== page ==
[slideshow_deploy id=’5923′]

 

A guided walk on Looe Island Nature Reserve – the island paradise

Words and photographs by Rebecca Bentley

As the days get sunnier, so Cornwall’s coastal towns begin to swell with ice cream scoffing beachgoers. Such was the case on my recent visit to Looe, in south east Cornwall, on a glorious Sunday afternoon. It felt fantastic eating lunch on the beach after many months of waiting, but it was even better to hop on a boat and escape the crowds with a trip to Looe Island Nature Reserve.

The Moonraker boat picked us up from Buller Quay in East Looe, the busy harbour side of the town, taking us smoothly across the glistening water. Within 15 minutes we were greeted by island warden Jon Ross on a seemingly tropical beach inhabited by two nesting oystercatchers – a far cry from the bustling beach we’d left behind.

Looe Island consists of 22 acres of land that includes rocky reef, shingle, sandy beaches, woodlands, coastal cliffs and maritime grassland. Its landscape is home to a variety of sea and woodland birds, as well as insects and a flock of Hebridean sheep brought to the island in 2006. It was once home to a number of rats, but Cornwall Wildlife Trust has worked hard to kill these off.

Jon is one of four residents on Looe Island, or St George’s Island as it is also known, making it the only place in the UK with two official place names (though it has had many others over the centuries). Jon lives with his partner, fellow Cornwall Wildlife Trust warden Claire Lewis, in Jetty Cottage – built in the 1870s, it was later inhabited by the Atkins sisters who, upon their passing, bequeathed it to the trust, along with the rest of the island, in 2004.

Starting at the east side where the boat dropped us off, Jon leads our group of seven on a circular walk around the island.  We pass smugglers’ cottages and artefacts, and stroll through a pretty vegetable garden where the wardens grow raspberries, leeks and grapes (among other things), enabling them to be largely self-sufficient during the summer months. They also keep some very happy free-range chickens too.

Jon explains: “It’s unusual to have a wooded island. It’s largely dominated by sycamores; we’ve been introducing different varieties of trees and creating small wildflower meadows. Diversifying the trees and plants is beneficial for birds and insects, and the mix of grassland, scrub and woods is attracting many butterflies and moths each year.”

He adds: “Claire does a weekly butterfly report and has recorded around 20 varieties since coming to the island. Visitors are most likely to spot speckled wood, red admiral and meadow brown, though other varieties such as silver washed fritillaries and the hummingbird hawk moth can be seen too.”

A vast expanse of sea shone ahead of us as we left the garden and cottage behind, and the prospect of seal spotting lay in the rocky waters of the Inner and Outer Ranneys. It wasn’t long before one of our group members spotted a pair of grey seals in the distance, and I zoomed in on them with my camera, just about catching a glimpse of a nose with bristly whiskers.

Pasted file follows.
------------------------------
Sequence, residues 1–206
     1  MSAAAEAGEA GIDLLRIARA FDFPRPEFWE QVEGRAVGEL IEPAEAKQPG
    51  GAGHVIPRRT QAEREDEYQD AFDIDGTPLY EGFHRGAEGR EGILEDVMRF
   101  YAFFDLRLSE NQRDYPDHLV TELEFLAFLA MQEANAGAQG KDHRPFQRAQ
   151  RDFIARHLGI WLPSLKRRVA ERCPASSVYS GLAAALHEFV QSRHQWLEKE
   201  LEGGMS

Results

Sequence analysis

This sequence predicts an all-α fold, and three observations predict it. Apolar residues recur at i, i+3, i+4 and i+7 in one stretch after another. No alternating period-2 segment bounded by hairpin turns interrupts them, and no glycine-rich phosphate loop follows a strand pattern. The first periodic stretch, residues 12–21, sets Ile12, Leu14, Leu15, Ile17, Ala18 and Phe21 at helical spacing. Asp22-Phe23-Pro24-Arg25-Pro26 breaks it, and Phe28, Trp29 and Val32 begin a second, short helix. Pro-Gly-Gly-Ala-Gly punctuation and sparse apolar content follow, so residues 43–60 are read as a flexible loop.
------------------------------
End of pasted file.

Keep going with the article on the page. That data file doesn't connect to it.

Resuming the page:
With the help of the Cornwall Seal Group and volunteers from Looe Marine Conservation Group, the trust is conducting a seal survey and identifying Britain’s largest mammals, using photographs to learn more the species. “We can identify the seals individually by the markings on their necks, so we know when our regular Duchess is visiting, as she has a string of pearls,” say Jon.

A few metres along the coast, a birdwatching hide overlooks the cliffs where Cornwall’s largest colony of great black back gulls nest among herring gulls, cormorants and shags. It was fascinating to see herring gulls in their natural habitat, sitting peacefully on the rocks rather than stealing chips from unsuspecting holidaymakers. Could these really be the same species we commonly refer to as seagulls? Apparently so.

A flock of 18 Hebridean sheep graze beside the cliffs looking out to Portlander Bay – their thick black fleeces provide good insulation when the winter sets in. Reaching the highest point of the island, we came upon the remains of a Benedictine chapel built in 1139, which can be seen jutting through the grass.

A visit from Channel 4’s Time Team in 2008 uncovered the burial of an adult male along with a piece of 13th-century pottery, and the team also had a huge surprise when they unexpectedly unearthed a hoard of Roman coins from one of their trenches. Legend has that Joseph of Arimathea visited the island too.

From this ancient site, we took a short walk through woods carpeted with wild garlic and clusters of bluebells, back to the cottage where we were given the choice of tea and biscuits looking out to Looe Bay, or the chance to learn more about the island with a slide show indoors before being whisked back to the mainland.

Claire says: “It’s a challenging way of life on the island, and we’ve learned to adjust to life off the electricity grid and without running water. It’s a different life, but it’s beautiful – we’ve escaped the rat race.”

 

INFORMATION

  • Guided walks on Looe Island take place on the following dates:
  • Thursday, June 12 and Thursday, June 26
  • Friday, July 11 and Saturday, July 26
    Monday, September 8 and Tuesday, September 23

 

Cornwall Wildlife Trust offers short tipi breaks on the island at certain times in the year, and caters for weddings in Jetty Cottage from April to September. Visit www.cornwallwildlifetrust.org.uk